Structure of Proverbs
Title and author: Proverbs of Solomon (1:1)
Purpose: That men may know wisdom ... (1:2-6)
Main theme: The fear of the Lord (1:7)
Division I (1:8 - 9:18)
Thirteen lessons from a father, calling his son to choose wisdom and reject folly
Division II (10:1 - 31:31)
The practical outworking of wisdom.
1. 375 proverbs of Solomon (10:1 - 22:16)
These give practical everyday, non-religious application of the choice between wisdom and folly, which was explained in division I. Most are snappy two line proverbs, which have no apparent thematic order. Nearly all are observations, less than ten are instructions
ch 10-15 Nearly all are antithetic (line 1 BUT line 2), contrasting right and wrong practice
ch 16-22 Mostly synonymous (2 lines same), giving observations of moral truth
2. The words of the wise (22:17 - 24:34)
Thirty sayings of admonition and knowledge (22:20). These mostly longer proverbs with four or more lines of instruction followed by explanation of the wisdom. They are all words of instruction, and have similarity with the Egyptian "Teaching of Amenemope"
a) Thirty proverbs of the wise (22:17 - 24:22)
b) Five more sayings of the wise (24:23-34), forming an appendix to the words of the wise, being a mixture of observation, instruction and story
3. Proverbs of Solomon copied by Hezekiah's men (25:1 - 29:27)
These are longer proverbs, many of which are about fools or other caricatures.
4. The words of Agur, son of Jakeh (ch 30), mostly longer numerical proverbs
5. The words of Lemuel, king of Massa, taught by his mother (ch 31)
A mother's warning to her son, the future king (31:2-9)
6. The wife of noble character (31:10-31).
An acrostic poem, which may be included with the words of Lemuel.
Literary techniques in Proverbs
There are a variety of different type of proverb found in the book.
The whole Book of Proverbs is set in a family situation, of a father giving instruction to his son, or perhaps a teacher giving instruction to his students. The early chapters of the book have a number of different sections, each introduced with a call from a father to his son to listen to his teaching.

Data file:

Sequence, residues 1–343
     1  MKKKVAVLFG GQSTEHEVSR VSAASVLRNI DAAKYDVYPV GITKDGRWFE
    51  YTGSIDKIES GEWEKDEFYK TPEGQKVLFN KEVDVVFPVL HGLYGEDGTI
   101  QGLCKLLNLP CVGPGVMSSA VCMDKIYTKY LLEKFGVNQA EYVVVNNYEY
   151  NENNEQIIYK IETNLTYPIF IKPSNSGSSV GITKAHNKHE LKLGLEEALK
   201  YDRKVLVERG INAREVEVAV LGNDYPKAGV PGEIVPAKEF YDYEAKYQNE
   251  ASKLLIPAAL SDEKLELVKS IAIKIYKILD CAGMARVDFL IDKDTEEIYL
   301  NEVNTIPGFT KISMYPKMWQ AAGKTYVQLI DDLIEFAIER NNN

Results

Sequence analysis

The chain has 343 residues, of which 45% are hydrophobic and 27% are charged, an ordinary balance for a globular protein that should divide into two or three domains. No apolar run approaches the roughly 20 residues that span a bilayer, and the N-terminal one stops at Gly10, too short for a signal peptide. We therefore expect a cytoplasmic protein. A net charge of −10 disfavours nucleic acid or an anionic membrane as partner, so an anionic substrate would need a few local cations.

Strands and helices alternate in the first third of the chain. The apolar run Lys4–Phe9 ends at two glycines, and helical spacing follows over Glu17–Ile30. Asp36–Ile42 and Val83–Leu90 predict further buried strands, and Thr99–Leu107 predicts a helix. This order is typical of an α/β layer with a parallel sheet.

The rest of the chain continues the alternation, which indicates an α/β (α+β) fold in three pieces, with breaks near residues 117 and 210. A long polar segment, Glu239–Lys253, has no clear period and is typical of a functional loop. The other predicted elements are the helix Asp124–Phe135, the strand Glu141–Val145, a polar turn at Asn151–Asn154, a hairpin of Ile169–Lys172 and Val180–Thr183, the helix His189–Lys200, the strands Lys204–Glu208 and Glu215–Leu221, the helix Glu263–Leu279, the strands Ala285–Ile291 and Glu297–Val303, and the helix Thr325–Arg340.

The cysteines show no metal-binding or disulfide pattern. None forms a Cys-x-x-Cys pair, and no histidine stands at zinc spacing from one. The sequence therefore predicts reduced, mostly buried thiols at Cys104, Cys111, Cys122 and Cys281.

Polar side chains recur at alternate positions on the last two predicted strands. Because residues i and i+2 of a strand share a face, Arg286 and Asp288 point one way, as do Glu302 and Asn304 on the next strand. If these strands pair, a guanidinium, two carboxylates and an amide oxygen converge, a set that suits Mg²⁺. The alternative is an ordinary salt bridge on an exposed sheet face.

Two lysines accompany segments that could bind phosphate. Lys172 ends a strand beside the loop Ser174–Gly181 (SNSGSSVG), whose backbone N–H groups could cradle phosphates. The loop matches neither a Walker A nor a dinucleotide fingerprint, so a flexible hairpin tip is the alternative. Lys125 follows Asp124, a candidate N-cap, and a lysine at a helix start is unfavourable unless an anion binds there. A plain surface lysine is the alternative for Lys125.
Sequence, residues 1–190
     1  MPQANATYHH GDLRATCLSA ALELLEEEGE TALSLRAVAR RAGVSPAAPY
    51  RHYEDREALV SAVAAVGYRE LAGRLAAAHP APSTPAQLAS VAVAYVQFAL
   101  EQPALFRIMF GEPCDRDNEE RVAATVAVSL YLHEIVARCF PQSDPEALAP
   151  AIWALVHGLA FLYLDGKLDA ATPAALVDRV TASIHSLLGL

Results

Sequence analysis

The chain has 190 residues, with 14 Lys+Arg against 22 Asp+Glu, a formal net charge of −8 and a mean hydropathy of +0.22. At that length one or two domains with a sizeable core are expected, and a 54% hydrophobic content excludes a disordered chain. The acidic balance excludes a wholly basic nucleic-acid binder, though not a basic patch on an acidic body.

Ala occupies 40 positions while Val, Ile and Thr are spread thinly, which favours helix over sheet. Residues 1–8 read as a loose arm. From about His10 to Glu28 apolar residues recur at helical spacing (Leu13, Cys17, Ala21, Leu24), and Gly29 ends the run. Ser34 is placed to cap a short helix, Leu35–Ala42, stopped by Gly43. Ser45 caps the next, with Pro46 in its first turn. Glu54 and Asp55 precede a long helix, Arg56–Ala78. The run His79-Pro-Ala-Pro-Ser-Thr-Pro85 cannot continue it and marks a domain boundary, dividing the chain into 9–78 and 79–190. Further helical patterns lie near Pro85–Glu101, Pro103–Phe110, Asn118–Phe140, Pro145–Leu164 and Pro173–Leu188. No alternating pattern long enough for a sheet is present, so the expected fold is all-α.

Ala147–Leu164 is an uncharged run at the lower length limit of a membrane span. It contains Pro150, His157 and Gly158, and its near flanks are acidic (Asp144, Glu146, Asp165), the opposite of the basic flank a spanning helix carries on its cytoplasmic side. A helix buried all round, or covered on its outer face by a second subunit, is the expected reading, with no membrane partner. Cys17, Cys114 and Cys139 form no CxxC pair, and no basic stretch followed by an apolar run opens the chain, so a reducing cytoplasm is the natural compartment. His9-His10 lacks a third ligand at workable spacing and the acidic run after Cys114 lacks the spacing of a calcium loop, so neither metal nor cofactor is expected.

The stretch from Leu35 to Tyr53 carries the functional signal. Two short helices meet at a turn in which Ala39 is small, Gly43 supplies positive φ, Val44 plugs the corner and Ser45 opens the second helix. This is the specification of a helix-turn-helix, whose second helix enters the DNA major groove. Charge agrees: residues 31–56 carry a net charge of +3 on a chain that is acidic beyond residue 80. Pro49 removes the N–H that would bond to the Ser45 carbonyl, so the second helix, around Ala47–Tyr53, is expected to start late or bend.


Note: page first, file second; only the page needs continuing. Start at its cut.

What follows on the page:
“Listen, children (my son), to a father’s instruction, and be attentive, that you may gain insight ..." (4:1)
2. Unit Proverb
The majority of the Book of Proverbs contains short single proverbs with two lines. There are 375 of these in the section of the proverbs of Solomon (10:1 - 22:16). Most of them are statements giving observations of life.
These are longer proverbs, extending the two line unit proverb to four or more lines. Most of these are found towards the end of the book, in the words of the wise (22:17 - 24:34), and the words copied by Hezekiah’s officials (ch 25 - 29).
“Do not wear yourself out to get rich,
be wise enough to desist.
When your eyes light upon it, it is gone,
for suddenly it takes wings to itself,
flying like an eagle toward heaven.” (23:4-5)
Many proverbs consist of two lines giving contrasting statements, using antithetic parallelism.
"Wisdom is a fountain of life to him who has it,
but folly is the chastisement of fools" (16:22)
Some proverbs are in the form of a command with a reason or motive. The first line gives the command, and the second line gives the reason, often introduced with the word “for”.
“Keep your heart with all vigilance,
for from it flow the springs of life” (4:23)
5. “Better” statement
In these proverbs two things are contrasted, one of which is to be sought out and given greater value and the other is be rejected and avoided.
“Better to be poor and walk in integrity
than to be crooked in one’s ways even though rich” (28:6)